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"You mean have bodyguards?" he asks.
No. But, sure, what were you going to say about that?
"When you have bodyguards, everything is more difficult. That's when people recognize you. When you go normal, it's easier to go out without problems, people are respectful. O.K., maybe you sign autographs or do photos, but no problem."
But beyond bodyguards—
"I have to be myself. I cannot be someone I am not."
Roger Federer is such a graceful tennis stylist that Nadal has been cast in the role of the grinder, Hephaestus to Federer's Apollo. The contrast is entirely too facile. There's artistry in Nadal's capacity to go from defense to offense in a single stroke, and in his ability to generate ungodly spin on shots whose angles defy the laws of geometry. "The nuances aren't past him," says Andy Roddick. John McEnroe calls Nadal the most skilled net player this side of Federer.
But if Nadal isn't a natural, he's used that to his advantage. "It's given me motivation to keep working on improving," he says. Has another champion—in any sport—made such radical upgrades from year to year, forever expanding the borders of his ability? In this, perhaps, Nadal resembles the athlete to whom Federer is so often compared: Tiger Woods. A few years ago, determined not to be another Spanish clay-court specialist, Nadal worked on his grass-court skills, shortening his strokes and hugging the baseline. He hasn't lost at Wimbledon since 2007.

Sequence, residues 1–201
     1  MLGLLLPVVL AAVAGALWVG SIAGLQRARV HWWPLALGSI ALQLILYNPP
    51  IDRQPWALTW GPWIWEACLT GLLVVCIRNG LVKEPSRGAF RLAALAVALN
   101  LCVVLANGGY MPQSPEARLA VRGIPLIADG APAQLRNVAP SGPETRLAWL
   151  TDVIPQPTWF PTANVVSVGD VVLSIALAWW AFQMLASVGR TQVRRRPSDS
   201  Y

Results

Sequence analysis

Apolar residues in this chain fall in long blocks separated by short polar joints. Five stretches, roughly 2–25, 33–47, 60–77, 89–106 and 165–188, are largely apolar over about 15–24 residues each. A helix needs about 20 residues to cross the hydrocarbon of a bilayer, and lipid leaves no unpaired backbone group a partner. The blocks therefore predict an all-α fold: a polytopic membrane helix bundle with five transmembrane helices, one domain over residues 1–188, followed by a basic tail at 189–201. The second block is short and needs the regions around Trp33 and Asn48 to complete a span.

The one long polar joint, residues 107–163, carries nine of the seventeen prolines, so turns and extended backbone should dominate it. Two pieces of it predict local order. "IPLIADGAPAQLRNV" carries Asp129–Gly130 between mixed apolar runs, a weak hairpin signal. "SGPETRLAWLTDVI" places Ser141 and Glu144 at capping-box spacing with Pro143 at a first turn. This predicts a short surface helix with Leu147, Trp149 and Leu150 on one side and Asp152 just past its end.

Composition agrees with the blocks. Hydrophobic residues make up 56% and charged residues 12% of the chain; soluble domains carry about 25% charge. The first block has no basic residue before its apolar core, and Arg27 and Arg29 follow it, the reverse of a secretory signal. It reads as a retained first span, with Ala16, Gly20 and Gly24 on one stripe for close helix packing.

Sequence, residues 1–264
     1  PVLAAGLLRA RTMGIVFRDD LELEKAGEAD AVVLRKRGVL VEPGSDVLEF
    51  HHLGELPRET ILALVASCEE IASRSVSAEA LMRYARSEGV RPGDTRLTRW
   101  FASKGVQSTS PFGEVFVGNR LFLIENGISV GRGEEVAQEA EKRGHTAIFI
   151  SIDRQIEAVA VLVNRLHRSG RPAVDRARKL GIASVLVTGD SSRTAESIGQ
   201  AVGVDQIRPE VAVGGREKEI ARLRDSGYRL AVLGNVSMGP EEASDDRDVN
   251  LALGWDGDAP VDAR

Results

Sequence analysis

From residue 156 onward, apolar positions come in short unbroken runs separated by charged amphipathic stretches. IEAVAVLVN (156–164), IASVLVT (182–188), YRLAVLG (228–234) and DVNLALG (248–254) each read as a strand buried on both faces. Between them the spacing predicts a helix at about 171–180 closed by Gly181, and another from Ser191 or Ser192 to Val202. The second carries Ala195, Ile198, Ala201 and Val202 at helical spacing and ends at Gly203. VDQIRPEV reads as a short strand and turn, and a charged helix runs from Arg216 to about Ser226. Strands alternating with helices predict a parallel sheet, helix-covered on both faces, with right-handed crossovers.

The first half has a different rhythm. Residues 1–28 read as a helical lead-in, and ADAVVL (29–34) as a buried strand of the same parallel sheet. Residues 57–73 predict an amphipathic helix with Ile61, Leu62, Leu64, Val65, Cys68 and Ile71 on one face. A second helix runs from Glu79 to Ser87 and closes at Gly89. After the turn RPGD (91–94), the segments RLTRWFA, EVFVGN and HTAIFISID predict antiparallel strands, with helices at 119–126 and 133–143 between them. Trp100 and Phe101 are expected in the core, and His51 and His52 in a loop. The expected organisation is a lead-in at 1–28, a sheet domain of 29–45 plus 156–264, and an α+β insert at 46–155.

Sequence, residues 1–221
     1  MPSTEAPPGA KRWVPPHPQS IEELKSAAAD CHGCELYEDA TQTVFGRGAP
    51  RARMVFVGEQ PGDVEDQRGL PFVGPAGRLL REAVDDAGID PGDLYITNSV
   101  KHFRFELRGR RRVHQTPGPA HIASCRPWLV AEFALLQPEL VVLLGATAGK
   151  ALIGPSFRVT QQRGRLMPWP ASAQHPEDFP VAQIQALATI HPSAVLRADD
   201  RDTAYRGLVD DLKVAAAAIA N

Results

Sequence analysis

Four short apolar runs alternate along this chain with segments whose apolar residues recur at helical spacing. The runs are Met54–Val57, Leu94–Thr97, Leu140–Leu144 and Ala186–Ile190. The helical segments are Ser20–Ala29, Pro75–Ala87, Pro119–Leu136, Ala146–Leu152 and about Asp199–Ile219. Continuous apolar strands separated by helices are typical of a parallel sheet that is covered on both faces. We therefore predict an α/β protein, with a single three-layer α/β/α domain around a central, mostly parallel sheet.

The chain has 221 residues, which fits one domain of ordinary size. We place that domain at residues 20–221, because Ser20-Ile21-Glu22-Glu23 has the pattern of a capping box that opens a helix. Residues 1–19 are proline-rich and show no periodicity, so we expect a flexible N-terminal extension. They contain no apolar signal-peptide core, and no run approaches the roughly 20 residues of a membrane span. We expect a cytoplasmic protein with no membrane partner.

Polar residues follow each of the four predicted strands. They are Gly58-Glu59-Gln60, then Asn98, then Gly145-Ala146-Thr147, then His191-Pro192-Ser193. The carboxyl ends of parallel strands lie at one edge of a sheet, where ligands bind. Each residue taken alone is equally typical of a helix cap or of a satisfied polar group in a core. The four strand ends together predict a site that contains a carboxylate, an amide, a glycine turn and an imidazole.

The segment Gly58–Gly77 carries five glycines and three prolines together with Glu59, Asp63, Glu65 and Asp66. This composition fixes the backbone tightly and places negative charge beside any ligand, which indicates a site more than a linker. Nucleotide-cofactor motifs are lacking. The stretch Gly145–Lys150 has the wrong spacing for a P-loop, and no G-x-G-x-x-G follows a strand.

Last year Nadal went to New York City hell-bent on ending his string of defeats at the U.S. Open, the one major he had never won. "I know I needed to serve better," he said. Adjusting his grip and sacrificing spin for power, he added 10 mph to his serve. Nadal dropped just one set in seven matches, completing the career Grand Slam at 23.
"People think once you are a pro, you're done improving, it's just tournaments," Nadal says. "That cannot be. Sometimes it might be a [stroke], sometimes it might be attitude, but you can always get better." The thought hangs; then he adds, "Other players might feel different."
Late one afternoon in London in November, Nadal practiced with Marc López, his sometime doubles partner, flown in for the week to serve as his sparring partner. This was a playful session, two countrymen rifling shots and trash talk at each other. If you didn't know the identity of the players, you might not have guessed that López is ranked 723 spots lower. He hung in during the rallies and served as hard as Nadal. So why the disparity in their careers? "The problem," explains another Spanish player, "is that Marc s---- his pants when there's pressure."